Last week, a Dallas federal court concluded that Yahoo! Inc. (“Yahoo”) should be paid over $913,000 in attorneys’ fees in connection with its March Madness sweepstakes promotion, bringing Yahoo’s total award in the case to more than $1.5 million.
How did the sweepstakes promotion take such a turn for the worse?
March Madness Sweepstakes Promotion and Lawsuit
In 2014, Yahoo wanted to sponsor a March Madness sweepstakes promotion in which any participant who could correctly predict the winner of all 63 games in the NCAA Men’s Basketball Tournament would win a $1 billion prize. Yahoo retained the services of prize risk management company SCA Promotions, Inc. (“SCA”), which calculates the odds of a promotion winner and secures coverage for the sponsor’s offered prize.
In December 2013, Yahoo and SCA signed a contract for the billion-dollar March Madness sweepstakes promotion. Yahoo agreed to pay $11 million to SCA and made an initial scheduled payment of $1.1 million shortly after signing the sweepstakes fulfillment contract.
In January 2014, when Quicken Loans publicly announced that it was teaming up with Warren Buffet and Berkshire Hathaway to sponsor a very similar “Billion Dollar Bracket Challenge,” Yahoo changed course and worked out a deal with Quicken (and without SCA) to become a co-sponsor of that sweepstakes promotion. Later that month, SCA sued Yahoo in the U.S. District Court for the Northern District of Texas (Case No. 3:14-cv-00957-O), alleging breach of contract and claiming that Yahoo owed SCA nearly $10 million.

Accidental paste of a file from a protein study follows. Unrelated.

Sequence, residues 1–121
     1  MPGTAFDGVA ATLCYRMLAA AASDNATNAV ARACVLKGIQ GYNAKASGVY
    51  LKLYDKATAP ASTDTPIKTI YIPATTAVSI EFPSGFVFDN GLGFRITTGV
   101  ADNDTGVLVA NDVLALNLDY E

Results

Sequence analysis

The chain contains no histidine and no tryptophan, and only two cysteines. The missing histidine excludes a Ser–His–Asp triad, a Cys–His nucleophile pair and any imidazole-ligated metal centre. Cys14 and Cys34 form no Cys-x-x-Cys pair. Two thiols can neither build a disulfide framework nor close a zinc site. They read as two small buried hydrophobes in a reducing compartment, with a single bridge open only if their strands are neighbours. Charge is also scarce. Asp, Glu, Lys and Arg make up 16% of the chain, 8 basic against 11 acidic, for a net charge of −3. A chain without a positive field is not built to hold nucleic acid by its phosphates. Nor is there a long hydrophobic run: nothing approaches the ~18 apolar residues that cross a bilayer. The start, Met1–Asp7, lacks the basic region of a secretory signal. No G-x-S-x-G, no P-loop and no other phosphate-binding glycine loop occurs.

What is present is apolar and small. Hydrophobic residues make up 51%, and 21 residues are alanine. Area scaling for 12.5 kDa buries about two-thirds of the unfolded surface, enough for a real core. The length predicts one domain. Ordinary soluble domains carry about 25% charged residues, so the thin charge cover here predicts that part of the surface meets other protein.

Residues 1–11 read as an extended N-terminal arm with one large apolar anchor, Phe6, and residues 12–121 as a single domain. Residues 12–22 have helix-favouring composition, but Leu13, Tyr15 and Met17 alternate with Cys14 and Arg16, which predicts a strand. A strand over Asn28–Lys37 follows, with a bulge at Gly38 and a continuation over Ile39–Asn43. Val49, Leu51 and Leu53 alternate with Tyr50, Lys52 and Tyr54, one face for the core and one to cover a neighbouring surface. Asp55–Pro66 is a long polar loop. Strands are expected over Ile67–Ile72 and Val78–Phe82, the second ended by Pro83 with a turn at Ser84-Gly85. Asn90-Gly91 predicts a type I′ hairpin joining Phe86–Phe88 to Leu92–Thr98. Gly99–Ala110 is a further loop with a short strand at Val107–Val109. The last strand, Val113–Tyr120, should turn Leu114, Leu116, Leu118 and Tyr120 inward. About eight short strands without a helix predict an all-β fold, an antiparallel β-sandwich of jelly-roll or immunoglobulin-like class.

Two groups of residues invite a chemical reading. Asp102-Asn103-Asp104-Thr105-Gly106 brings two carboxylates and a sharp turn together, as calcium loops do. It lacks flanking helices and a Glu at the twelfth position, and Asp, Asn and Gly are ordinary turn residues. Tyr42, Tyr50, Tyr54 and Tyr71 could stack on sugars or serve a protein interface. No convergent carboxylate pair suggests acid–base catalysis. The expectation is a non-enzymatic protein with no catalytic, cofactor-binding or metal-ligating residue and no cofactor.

As we reported last December, the district court ultimately granted Yahoo’s motion for summary judgment and dismissed the sweepstakes lawsuit, ruling that Yahoo was entitled to a refund of $550,000 from SCA and its costs and attorneys’ fees. SCA has appealed the decision.
Court’s Award of Attorneys’ Fees
On November 21, 2016, the Court found that Yahoo should be awarded $913,961.23 in attorneys’ fees.
While Yahoo had moved for over $2.4 million in attorneys’ fees, expert and mediator expenses and related costs, Yahoo did not segregate its fees as ordinarily required under Texas law. Further, the Court determined that a number of Yahoo’s attorneys had unreasonable billing rates and allegedly used questionable billing judgment and practices. As a result, the Court drastically reduced Yahoo’s award of attorneys’ fees (although the remainder is substantial).
When viewed in tandem with the Court’s previous $550,000 judgment and an earlier $70,269.88 bill of costs, Yahoo’s award now exceeds $1.5 million.
As the above-referenced case illustrates, it makes good business and legal sense for businesses operating in the promotional sweepstakes space to speak with an experienced marketing attorney before launching a sweepstakes promotion, signing any related agreements and/or commencing legal action in connection therewith.